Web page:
SCOTT AIR FORCE BASE, Ill. (AP) — Hundreds of U.S. service members are reporting that their privately owned vehicles have gone missing or been damaged while being shipped to and from overseas bases.
According to the Belleville News-Democrat in Illinois, the military will send teams -- beginning next week -- to find the vehicles at supply chain staging areas across the globe. The move comes after months of complaints.
The survey teams are from U.S. Transportation Command in Illinois which is responsible for air, land and sea transportation for the Pentagon.
The actual shipping of the vehicles is handled by International Auto Logistics, a Georgia-based company that the command chose to take over a $1 billion contract. A legal tussle with the previous contractor resulted in a four-month delay in International Auto Logistics starting work.
A company spokeswoman blames the problems on the large number of vehicles the company has been asked to move in a short time period since finally starting work in May.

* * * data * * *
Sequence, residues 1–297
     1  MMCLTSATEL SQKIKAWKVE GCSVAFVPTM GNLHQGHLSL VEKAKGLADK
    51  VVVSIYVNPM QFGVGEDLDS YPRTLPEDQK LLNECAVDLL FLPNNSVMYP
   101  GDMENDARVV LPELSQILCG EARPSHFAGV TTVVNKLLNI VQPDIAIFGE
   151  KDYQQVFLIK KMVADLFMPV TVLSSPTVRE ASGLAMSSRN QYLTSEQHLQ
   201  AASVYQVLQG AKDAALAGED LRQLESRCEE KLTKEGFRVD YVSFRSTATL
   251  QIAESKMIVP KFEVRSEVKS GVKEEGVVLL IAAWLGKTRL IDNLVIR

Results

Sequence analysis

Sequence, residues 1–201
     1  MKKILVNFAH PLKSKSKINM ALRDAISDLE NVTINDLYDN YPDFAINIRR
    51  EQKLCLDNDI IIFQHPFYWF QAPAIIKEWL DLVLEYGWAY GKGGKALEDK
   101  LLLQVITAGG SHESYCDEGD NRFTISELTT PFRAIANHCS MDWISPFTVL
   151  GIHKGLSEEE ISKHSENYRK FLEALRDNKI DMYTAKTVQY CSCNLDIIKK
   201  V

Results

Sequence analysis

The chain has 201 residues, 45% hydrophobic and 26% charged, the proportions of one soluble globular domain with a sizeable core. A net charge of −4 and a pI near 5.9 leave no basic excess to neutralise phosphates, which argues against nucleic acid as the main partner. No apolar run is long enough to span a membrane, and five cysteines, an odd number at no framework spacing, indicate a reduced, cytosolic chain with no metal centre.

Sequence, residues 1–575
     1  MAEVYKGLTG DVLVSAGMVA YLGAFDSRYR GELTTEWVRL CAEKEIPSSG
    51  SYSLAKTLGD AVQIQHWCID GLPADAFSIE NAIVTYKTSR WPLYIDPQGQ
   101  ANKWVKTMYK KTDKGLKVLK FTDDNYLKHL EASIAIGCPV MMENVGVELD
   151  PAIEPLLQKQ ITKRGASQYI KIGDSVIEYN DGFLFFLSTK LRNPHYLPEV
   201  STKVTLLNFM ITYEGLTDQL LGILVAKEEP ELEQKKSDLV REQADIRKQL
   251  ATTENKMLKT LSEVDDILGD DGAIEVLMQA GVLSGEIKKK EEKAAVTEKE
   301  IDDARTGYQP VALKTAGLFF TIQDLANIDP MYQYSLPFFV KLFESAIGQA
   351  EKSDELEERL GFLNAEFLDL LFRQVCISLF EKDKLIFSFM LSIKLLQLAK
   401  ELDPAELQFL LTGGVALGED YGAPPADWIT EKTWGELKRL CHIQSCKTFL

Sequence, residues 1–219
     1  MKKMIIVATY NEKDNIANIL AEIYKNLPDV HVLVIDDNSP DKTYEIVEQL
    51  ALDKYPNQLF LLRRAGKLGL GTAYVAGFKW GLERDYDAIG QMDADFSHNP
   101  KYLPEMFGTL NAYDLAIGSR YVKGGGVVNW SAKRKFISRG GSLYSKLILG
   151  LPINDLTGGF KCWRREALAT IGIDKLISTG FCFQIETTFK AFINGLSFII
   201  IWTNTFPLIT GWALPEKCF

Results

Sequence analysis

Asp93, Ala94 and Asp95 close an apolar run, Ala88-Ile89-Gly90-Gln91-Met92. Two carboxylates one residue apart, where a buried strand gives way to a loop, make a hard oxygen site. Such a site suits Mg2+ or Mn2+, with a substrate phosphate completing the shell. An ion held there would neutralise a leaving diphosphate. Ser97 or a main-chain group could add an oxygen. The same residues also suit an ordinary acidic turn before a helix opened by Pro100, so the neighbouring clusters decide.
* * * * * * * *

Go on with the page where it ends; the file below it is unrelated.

180-v-34-(Mike Gracia, AP correspondent)--The U.S. military is about to begin searching for the private vehicles of hundreds of service members that have gone missing. AP correspondent Mike Gracia reports. (16 Aug 2014)
<<CUT *180 (08/16/14)££ 00:34
181-c-19-(Mike Gracia, AP correspondent)-"around the world"-AP correspondent Mike Gracia reports the U.S. military is setting out to locate missing vehicles owned by service members. (16 Aug 2014)
<<CUT *181 (08/16/14)££ 00:19 "around the world"
182-c-19-(Mike Gracia, AP correspondent)-"to be shipped"-AP correspondent Mike Gracia reports a switch of private contractors is being blamed for issues with the shipping of vehicles owned by U.S. service members. (16 Aug 2014)
<<CUT *182 (08/16/14)££ 00:19 "to be shipped"